What’s it Like to Work at a Children’s Home?

Although few careers require more responsibility than working in residential care, very few careers come close to being as rewarding. You get to see troubled children develop into dependable young adults who grow happier and more confident every day. You truly have the ability to change a child’s life.

At A Wilderness Way, our overall aims and objectives are:

  • To offer stability to the young person’s life
  • To ensure all children and young people feel safe and cared for
  • To ensure young people are healthy
  • To ensure each young person is educated
  • To provide opportunities, challenges, achievements and rewards
  • To promote feelings of self-worth

These aims are central to the processes within our homes. We do this through the implementation of attachment theory, which is at the core of the work we undertake with young people. It helps us to understand the meaning of difficult behaviours whilst attempting to gain a sense of security through relationships.

What does a normal day look like at A Wilderness Way?

At our residential children’s homes, the young people will wake at around the same time every day. We do this in order to supply the young people with a regular routine and ensure that they are healthy and well-rested.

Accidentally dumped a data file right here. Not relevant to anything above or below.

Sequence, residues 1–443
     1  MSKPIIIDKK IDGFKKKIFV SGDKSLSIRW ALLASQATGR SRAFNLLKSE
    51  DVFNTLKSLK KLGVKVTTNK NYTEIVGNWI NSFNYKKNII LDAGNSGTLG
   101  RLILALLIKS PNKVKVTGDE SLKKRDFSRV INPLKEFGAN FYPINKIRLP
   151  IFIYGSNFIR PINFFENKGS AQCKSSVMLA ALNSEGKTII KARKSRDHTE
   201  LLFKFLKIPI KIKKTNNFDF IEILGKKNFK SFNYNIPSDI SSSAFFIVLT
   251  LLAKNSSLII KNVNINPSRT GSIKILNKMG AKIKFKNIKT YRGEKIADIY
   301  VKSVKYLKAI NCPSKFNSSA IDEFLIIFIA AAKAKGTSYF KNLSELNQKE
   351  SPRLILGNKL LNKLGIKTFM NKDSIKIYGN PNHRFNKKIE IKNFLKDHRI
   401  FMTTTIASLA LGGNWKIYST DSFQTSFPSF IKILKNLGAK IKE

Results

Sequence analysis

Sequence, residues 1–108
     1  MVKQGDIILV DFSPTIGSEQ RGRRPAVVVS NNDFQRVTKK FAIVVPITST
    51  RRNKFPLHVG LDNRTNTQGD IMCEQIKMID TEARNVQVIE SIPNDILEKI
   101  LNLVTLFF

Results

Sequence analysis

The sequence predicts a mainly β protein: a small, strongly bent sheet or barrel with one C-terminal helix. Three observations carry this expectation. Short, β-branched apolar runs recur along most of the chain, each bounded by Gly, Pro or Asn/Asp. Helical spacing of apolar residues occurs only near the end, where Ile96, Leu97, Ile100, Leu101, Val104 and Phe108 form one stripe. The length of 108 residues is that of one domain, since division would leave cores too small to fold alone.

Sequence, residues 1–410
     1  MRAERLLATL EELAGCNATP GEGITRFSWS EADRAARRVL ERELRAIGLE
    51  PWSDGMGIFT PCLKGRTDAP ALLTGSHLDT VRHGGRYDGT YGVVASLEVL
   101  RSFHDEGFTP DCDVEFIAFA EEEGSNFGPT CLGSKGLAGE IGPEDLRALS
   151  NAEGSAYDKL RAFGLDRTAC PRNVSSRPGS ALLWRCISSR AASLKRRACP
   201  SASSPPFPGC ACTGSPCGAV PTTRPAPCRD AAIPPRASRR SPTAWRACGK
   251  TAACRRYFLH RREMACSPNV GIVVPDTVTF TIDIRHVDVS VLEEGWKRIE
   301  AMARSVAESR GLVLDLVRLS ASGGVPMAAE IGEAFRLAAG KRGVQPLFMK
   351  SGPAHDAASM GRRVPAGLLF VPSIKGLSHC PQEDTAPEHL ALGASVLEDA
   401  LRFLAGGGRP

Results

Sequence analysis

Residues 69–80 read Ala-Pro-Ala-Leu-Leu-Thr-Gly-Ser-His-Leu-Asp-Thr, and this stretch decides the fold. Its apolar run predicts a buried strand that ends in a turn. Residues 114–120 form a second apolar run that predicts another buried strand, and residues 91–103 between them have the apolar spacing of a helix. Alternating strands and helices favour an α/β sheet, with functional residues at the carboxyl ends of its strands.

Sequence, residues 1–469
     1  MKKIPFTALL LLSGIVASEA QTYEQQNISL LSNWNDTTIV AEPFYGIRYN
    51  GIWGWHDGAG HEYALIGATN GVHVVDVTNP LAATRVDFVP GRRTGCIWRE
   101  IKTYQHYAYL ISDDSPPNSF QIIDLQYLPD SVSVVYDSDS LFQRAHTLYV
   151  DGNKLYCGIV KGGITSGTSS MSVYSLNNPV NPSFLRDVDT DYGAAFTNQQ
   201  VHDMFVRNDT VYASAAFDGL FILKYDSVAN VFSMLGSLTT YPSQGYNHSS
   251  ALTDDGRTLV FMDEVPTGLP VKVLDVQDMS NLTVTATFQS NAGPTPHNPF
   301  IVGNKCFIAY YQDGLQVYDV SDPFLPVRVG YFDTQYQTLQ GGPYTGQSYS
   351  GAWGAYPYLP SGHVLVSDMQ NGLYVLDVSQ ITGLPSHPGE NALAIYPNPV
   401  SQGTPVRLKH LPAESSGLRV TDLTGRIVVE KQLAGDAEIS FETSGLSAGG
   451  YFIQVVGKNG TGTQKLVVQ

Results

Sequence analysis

As a team, we have regular meetings so that the young people can discuss any problems they experienced the day before or anything that may be worrying them about the day ahead.

If the young people are in long-term placements or attend local schools, they will attend their school as normal. For those who are taking some time out, they will partake in some of our activities and alternative education.

With outdoor activities being vital to our processes within our homes, we strongly encourage young people to participate in activities or hobbies that interest them in order to gain exposure to new experiences. This can include outdoor activities such as canoeing, climbing, camping, hill walking, mountain biking and kayaking.

Whatever the activity, our employees use the positive behaviour support model and respond accordingly with praise and encouragement. The activities at A Wilderness Way are partly led by the young people, but we ensure that our staff are present to oversee the activities that will be done and support those who are learning new skills.

Once the morning activity is complete; a lunch will be provided. By monitoring the children’s meals, we ensure that they eat healthily. Then, in the afternoon, another activity will take place before dinner.

Depending on the age of the children within our homes, some younger children will go swimming or to the gym at the home’s expense. If young people have registered with local medical services, staff will also advocate with health professionals on their behalf. This means that our employees may go off-site in order to support the young people with their medical health or exercise activities. Again, this is dependent on the age of the young person.

In some cases, young people within residential care homes have good relationships with their families. In these situations, our employees communicate effectively with those family members and ensure that important emotional connections can be maintained whilst minimising the upset that can occur if young people feel they are being repeatedly abandoned.